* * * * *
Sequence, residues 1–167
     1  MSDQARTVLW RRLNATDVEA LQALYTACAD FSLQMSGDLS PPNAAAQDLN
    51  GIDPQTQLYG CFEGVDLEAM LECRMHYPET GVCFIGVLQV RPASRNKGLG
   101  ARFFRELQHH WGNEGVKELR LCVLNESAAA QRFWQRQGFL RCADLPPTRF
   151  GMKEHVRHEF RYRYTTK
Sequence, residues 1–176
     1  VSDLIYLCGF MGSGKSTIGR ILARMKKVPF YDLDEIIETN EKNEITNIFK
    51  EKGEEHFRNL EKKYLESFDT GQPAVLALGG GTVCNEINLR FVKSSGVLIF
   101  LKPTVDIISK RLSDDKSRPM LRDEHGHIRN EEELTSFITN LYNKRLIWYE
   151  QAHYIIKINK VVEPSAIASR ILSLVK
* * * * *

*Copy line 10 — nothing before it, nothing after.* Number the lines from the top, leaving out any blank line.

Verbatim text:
   151  QAHYIIKINK VVEPSAIASR ILSLVK